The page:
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The last thing Britain needs is another bloody party. Wrong, perhaps…

March 1, 2020

Are the old labels – right, left and centre – still relevant in British politics?

With no-deal looming and the government cutting ties with the EU in many other ways, the consequences of Brexit are so far-reaching that we seem unable to revert to the old political boundaries. We focus instead on what we have lost and what we might gain. We are assailed by mind-boggling figures claimed to be the cost of Brexit. More, some say, than all the money we have contributed since we joined the EU.

The optimists tell us that we’ll be fine without a trade deal with the EU. We’ll be free to develop the country as a tech powerhouse. Oven-ready deal, as the Tories claimed? Frictionless trade? Promises made, promises seemingly about to be broken. No matter – a dream come true. A dream of independence from the control freaks in Brussels. Free to do our thing on immigration, to let our fishermen fish and, in the words of the Prime Minister, fuck business.

Now Brexit is done (which it isn’t by the way) it’s hard to imagine that over the next two years political discourse in the country will not almost exclusively be framed by the consequences of our decision to leave the EU. And even if an issue that has nothing to do with Brexit, such as Covid-19, the increase in non-EU immigrants and the flooding of our hinterland, the chances are that some politicians will find a way to blame the EU for our troubles.

You will deduce from the above (or by reading other stuff I’ve written,) that I’m not a fan of the current government or its threadbare-to-non-existent policies. But whatever I think, you can place a fair bet that the debates to come will not be between enterprise and opportunity on the one hand, and for the many, not the few on the other.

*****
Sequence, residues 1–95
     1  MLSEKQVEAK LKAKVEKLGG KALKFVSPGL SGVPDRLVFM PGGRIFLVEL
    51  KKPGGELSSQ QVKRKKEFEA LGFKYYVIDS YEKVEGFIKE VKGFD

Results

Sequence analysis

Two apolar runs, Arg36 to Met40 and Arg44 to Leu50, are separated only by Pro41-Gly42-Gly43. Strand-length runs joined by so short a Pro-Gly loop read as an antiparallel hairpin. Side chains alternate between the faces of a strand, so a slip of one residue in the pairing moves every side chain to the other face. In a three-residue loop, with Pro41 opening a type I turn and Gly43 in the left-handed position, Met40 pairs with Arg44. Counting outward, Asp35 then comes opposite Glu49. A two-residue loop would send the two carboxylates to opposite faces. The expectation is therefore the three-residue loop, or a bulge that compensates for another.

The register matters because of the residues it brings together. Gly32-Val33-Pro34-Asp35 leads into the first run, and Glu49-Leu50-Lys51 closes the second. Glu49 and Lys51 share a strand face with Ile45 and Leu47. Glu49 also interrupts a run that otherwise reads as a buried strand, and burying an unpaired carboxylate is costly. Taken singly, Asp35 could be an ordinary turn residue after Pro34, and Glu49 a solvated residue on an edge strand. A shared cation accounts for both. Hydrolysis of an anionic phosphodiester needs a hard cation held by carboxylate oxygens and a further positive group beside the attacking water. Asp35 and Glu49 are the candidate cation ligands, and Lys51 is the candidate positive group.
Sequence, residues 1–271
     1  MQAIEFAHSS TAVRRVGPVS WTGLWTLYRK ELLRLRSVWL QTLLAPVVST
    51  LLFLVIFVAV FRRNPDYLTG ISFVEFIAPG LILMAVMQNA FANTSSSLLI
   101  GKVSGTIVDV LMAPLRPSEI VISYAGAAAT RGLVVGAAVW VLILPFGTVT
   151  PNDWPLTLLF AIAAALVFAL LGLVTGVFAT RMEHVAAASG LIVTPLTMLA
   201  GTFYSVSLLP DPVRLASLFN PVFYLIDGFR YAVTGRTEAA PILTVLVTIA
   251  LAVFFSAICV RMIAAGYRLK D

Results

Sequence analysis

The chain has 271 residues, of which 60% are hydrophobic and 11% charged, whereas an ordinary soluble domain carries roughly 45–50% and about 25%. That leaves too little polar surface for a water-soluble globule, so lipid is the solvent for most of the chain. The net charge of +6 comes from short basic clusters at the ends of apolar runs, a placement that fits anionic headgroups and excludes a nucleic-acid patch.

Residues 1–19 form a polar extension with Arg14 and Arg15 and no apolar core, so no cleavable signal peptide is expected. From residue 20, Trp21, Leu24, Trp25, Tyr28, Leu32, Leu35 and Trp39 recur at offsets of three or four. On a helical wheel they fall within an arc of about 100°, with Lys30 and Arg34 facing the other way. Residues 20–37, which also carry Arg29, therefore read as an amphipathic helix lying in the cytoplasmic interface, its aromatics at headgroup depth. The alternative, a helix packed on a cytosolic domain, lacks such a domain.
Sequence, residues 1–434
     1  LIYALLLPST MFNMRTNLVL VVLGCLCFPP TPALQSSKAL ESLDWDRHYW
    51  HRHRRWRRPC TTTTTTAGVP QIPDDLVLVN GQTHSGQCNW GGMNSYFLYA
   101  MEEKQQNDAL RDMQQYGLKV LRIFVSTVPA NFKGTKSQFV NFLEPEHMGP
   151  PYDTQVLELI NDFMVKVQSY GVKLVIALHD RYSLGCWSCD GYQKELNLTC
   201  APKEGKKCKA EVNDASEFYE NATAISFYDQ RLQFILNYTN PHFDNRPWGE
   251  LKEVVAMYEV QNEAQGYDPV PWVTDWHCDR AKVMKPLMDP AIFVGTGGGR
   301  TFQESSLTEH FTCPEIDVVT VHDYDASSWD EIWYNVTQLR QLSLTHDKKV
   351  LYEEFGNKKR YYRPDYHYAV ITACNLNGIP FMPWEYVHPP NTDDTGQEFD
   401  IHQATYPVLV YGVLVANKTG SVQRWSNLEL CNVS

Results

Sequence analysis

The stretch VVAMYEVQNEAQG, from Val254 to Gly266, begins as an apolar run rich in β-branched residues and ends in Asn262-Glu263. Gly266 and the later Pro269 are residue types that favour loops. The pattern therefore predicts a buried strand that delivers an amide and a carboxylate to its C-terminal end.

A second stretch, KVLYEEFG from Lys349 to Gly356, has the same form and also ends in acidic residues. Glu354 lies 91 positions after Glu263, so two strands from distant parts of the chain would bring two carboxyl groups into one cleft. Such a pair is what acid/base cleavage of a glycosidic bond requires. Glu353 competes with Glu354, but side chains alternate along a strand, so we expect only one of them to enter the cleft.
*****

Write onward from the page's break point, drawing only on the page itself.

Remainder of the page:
If the debate instead will be between sunlit uplands and lemmings rushing over the cliff, has the time come for a party pledged to rebuild closer ties to Europe: a European Party?

Note that I’m not suggesting that such a party should be committed to re-joining the European Union, though at some stage that could be an option worth testing. I’m also not suggesting that it should become a redoubt of die-hard remainers. That battle is over.

Judging by statements of MPs across the political spectrum before the battle lines were hardened, there is most likely still much sympathy for the idea that leaving the EU should not mean casting off into the Atlantic as a kind of off-shore trading whorehouse is not necessarily in our best interests.

Why we should cut loose from the Erasmus Programme, the European Arrest Warrant scheme, criminal intelligence sharing and other areas of cooperation that in no way run counter to the objective of Brexit can only be explained in terms of a government committed to an ideology that informs its policy across the board. So much for traditional pragmatic conservatism.

The only way to contest that ideology is by a counter-ideology. This is something that the Labour Party has failed to produce. Though the Liberal Democrats came close during the past election, its commitment to repealing Brexit with no recourse to a further vote was a turn-off for many voters.

Now may not be the best time for launching yet another party. But in a year or two, if Boris Johnson’s government is self-evidently leading us down an economic and social blind alley, there may be sufficient discontent – and wide-ranging buyer’s remorse over the Brexit project – for a new party to fill the vacuum that a dysfunctional opposition has created.

New parties are delicate flowers that need intensive cultivation. As the Brexit Party showed, it’s no use showing 15% support in opinion polls if you can’t win seats in Parliament. And Change UK showed that if you are united only by discontent with the status quo, even if you start with the seats of dissident MPs, you will quickly be snuffed out by the party machines.

So would a European Party be dead on arrival? Not necessarily. You will need to plan for the long haul. Perhaps to start as a pressure group. Having gained a public profile, you then start contesting elections. The only way to jump-start would be to have a few wealthy donors invest substantial sums that would help you build that profile. For that you would need a convincing strategy and the talent to execute it.